Secreted lymphotoxin-α is essential for the control of an intracellular bacterial infection

Publication Type:
Journal Article
Journal of Experimental Medicine, 2001, 193 (2), pp. 239 - 246
Issue Date:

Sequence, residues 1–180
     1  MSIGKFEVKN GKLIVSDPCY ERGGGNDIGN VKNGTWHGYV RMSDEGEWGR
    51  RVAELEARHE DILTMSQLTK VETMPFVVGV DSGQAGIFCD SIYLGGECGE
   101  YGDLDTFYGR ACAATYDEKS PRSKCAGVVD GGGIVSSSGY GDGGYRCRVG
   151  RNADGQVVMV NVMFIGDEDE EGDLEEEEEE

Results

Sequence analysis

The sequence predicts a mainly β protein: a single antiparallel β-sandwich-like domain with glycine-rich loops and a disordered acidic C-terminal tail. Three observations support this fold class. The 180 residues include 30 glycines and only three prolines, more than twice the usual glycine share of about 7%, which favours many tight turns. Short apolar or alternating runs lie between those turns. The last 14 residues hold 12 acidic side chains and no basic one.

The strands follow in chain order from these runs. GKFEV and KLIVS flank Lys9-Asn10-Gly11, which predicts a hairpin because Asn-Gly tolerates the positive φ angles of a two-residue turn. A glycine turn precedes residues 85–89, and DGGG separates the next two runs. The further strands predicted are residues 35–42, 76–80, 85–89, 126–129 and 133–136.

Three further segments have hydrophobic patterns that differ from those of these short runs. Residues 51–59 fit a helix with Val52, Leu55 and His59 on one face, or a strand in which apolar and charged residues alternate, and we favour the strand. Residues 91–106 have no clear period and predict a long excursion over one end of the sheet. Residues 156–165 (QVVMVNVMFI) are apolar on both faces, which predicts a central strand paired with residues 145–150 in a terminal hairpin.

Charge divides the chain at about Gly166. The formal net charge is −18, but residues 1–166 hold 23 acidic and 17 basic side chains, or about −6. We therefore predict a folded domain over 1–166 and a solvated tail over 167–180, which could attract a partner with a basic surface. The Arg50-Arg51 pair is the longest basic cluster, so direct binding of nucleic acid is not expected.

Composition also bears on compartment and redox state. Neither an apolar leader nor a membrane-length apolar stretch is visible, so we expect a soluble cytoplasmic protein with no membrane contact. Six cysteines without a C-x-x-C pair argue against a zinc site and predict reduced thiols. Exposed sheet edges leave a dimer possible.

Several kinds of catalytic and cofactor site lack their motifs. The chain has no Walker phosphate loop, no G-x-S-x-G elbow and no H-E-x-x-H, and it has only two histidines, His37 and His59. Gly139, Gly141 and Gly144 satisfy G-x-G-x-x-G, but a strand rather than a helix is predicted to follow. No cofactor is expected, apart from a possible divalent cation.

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Although the essential role of tumor necrosis factor (TNF) in the control of intracellular bacterial infection is well established, it is uncertain whether the related cytokines lymphotoxin-α (LTα3) and lymphotoxin-β (LTβ) have independent roles in this process. Using C57Bl/6 mice in which the genes for these cytokines have been disrupted, we have examined the relative contribution of secreted LTα3 and membrane-bound LTβ in the host response to aerosol Mycobacterium tuberculosis infection. To overcome the lack of peripheral lymph nodes in LTα-/- and LTβ-/- mice, bone marrow chimeric mice were constructed. LTα-/- chimeras, which lack both secreted LTα3 and membrane-bound LTβ (LTα1β2 and LTα2β1), were highly susceptible and succumbed 5 wk after infection. LTβ-/- chimeras, which lack only the membrane-bound LTβ, controlled the infection in a comparable manner to wild-type (WT) chimeric mice. T cell responses to mycobacterial antigens and macrophage responses in LTα-/- chimeras were equivalent to those of WT chimeras, but in LTα-/- chimeras, granuloma formation was abnormal. LTα-/- chimeras recruited normal numbers of T cells into their lungs, but the lymphocytes were restricted to perivascular and peribronchial areas and were not colocated with macrophages in granulomas. Therefore, LTα3 is essential for the control of pulmonary tuberculosis, and its critical role lies not in the activation of T cells and macrophages per se but in the local organization of the granulomatous response.
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